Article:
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slip and at the front is fixed, as at (9, 11, 13, 15, 17), a thick square piece of sheet lead, weighing from oz. to I oz., so adjusted that each slip will hang in stable equilibrium and in an upright position when lifted by any of the pins. The lead may be covered at the front side with white paper.

The only other requisite is a flat straight-edge or ruler of hard wood about 16 inches long, 1 inch wide, and

inch thick. It is shown in the figure at (2), and an enlarged section at (3), where the sharp edge will be seen to be strengthened with a slip of brass plate (4). It will be desirable to have a box made to hold all the slips in proper order, arranged in trays, so that any set may readily be taken out by the aid of the straight-edge, inserted under the row of top pins.

In using the abacus, one or other of the series of slips is taken out, according as the logical problem to be solved contains more or less terms. If there be only two terms, the set of four is used; if three, the set of eight; if four, the set of sixteen; and if five, the set of thirty-two slips. Thus the syllogism Barbara would require the set of eight slips (see p. 56, &c.). These must be set side by side upon the topmost ledge, as at (6): the order in which they are placed is not of any essential importance, but it is generally convenient for the sake of clearness that every positive combination should be placed on the left of the corresponding negative, and that the order shown at (7), and at pp. 52, 54, and 56, should be as much as possible maintained. When a series of the slips is resting on one of the ledges, it is evident that we may separate out those marked with A or any capital letter,

by inserting the straight edge horizontally beneath the proper row of pins, and then raising the slips and removing them to another ledge. The corresponding negative slips will be left where they were, owing to the absence of pins at the point where the straight-edge is placed. We have always the option, too, of removing either the A's or the a's, the B's or the b's, and so on. Successive movements will enable us to select any class or group out of the series thus, if we took the series of sixteen, and removed first the a's and then the b's, we should have left the class of A B's, four in number. Dr. Boole based his logical notation upon the successive selection of classes, and it is this operation of thought which is represented in a concrete manner upon the abacus.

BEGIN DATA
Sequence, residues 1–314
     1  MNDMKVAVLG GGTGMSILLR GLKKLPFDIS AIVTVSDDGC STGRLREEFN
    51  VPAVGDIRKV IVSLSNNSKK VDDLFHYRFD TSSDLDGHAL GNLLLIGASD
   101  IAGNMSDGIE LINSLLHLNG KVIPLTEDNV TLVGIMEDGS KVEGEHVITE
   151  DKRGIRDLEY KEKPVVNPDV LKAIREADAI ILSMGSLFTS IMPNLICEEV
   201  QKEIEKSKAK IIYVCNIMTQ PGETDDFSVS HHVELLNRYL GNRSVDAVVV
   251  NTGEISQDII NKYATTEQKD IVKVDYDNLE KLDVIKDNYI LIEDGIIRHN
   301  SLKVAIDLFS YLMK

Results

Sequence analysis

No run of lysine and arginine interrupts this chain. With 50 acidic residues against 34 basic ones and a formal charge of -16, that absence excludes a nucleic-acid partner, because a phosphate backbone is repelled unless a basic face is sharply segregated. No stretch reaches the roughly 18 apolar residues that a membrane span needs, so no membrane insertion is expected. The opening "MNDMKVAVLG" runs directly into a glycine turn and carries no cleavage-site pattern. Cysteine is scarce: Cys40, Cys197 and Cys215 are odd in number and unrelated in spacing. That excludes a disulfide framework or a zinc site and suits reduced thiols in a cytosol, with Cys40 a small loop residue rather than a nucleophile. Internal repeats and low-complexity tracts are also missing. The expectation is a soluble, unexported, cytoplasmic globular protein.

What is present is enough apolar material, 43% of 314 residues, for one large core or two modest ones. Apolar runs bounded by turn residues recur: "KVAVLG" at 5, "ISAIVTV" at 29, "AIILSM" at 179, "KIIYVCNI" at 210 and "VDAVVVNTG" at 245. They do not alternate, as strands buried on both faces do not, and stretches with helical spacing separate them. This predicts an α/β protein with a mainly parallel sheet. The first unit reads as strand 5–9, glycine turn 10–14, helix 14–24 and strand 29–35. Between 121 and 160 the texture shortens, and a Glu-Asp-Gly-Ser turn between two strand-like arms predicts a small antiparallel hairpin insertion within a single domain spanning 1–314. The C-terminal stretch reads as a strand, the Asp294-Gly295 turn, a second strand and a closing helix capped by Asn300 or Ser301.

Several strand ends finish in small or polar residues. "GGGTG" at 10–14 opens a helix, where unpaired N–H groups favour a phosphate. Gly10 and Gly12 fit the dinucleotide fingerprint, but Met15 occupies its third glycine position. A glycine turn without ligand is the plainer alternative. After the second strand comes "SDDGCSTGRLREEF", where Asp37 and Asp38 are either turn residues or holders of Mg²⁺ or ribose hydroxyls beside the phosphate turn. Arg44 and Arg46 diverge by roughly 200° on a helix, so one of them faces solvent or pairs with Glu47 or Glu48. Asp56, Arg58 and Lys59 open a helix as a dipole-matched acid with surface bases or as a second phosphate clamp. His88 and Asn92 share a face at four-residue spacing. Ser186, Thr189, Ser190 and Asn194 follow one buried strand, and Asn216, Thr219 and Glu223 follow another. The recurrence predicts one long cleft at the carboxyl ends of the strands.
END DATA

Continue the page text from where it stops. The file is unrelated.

The examples given in the text (pp. 56—59) will partly serve to illustrate the use of the abacus, but I will minutely describe one more instance. Let the premises of a problem be

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Let it be required to answer any question concerning the character of the things A, B, C, D, under the above conditions.

(1) Take the set of sixteen slips and place them on the topmost or first ledge of the board.

(2) Remove the A's to the second ledge.

(3) Out of the A's, remove the B's back to the first


(4) Out of what remain, remove the C's back to the first ledge.

(5) What still remain are combinations contradicted by the first premise (a), and they are to be removed to the lowest ledge, and left there. (6) The others having been joined together again on the first ledge, remove the B's to the second ledge.

(7) Out of the B's, remove the D's to the first ledge again, and

(8) Reject to the lowest ledge the B's which are notD's, as contradictory of (ß).

(9) Similarly, in treating (y), remove the C's to the second ledge, return those which are D's, and reject the C's which are not-D's to the lowest ledge.

The combinations which have escaped rejection are all which are possible under the conditions (a) (6) and (7), and they will be found to be the following:

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To obtain the description of any class, we have now only to pick out that class by the straight-edge, and observe their nature. Thus, when the A's are picked out, we find that they always bring D with them; that is to say, all the A's are D's; this being the principal result of the problem. But we may also select any other

class for examination. Thus the 's are represented by only one combination, which shows that what is not-D is neither C, B, nor A.

Even when the common conclusion of an argument is self-evident, it will be found instructive to work it upon the abacus, because the whole character of the argument and the conditions of the subject are then exhibited to the eye in the clearest manner; and while the abacus gives all conclusions which can be obtained in any other way, it often gives negative conclusions which cannot be detected or proved but by the indirect method (see p. 44). It also solves with certainty problems of such a degree of complexity that the mind could not comprehend them without some mechanical aid. In my previous little work on Pure Logic (see above, § 4o, p. 45) I have given a number of examples, the working of which may be tested on the abacus, and other examples are to be found in Dr. Boole's "Laws of Thought."





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